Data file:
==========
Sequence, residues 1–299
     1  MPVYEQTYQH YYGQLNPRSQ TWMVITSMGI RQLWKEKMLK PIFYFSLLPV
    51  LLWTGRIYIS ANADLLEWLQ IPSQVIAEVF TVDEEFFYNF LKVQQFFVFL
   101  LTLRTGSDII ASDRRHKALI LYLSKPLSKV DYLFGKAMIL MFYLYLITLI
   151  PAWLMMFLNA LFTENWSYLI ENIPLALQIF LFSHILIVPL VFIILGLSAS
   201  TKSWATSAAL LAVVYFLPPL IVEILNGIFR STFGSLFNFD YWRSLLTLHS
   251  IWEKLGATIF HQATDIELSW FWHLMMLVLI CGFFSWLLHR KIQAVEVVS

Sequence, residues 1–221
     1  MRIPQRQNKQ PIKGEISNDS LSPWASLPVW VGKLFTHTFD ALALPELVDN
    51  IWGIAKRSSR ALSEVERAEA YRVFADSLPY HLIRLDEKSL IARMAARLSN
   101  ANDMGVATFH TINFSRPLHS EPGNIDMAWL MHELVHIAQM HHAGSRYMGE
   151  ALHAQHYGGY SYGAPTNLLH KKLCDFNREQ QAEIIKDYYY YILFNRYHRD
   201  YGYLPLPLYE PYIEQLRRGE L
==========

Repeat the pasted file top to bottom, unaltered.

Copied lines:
Sequence, residues 1–299
     1  MPVYEQTYQH YYGQLNPRSQ TWMVITSMGI RQLWKEKMLK PIFYFSLLPV
    51  LLWTGRIYIS ANADLLEWLQ IPSQVIAEVF TVDEEFFYNF LKVQQFFVFL
   101  LTLRTGSDII ASDRRHKALI LYLSKPLSKV DYLFGKAMIL MFYLYLITLI
   151  PAWLMMFLNA LFTENWSYLI ENIPLALQIF LFSHILIVPL VFIILGLSAS
   201  TKSWATSAAL LAVVYFLPPL IVEILNGIFR STFGSLFNFD YWRSLLTLHS
   251  IWEKLGATIF HQATDIELSW FWHLMMLVLI CGFFSWLLHR KIQAVEVVS

Sequence, residues 1–221
     1  MRIPQRQNKQ PIKGEISNDS LSPWASLPVW VGKLFTHTFD ALALPELVDN
    51  IWGIAKRSSR ALSEVERAEA YRVFADSLPY HLIRLDEKSL IARMAARLSN
   101  ANDMGVATFH TINFSRPLHS EPGNIDMAWL MHELVHIAQM HHAGSRYMGE
   151  ALHAQHYGGY SYGAPTNLLH KKLCDFNREQ QAEIIKDYYY YILFNRYHRD
   201  YGYLPLPLYE PYIEQLRRGE L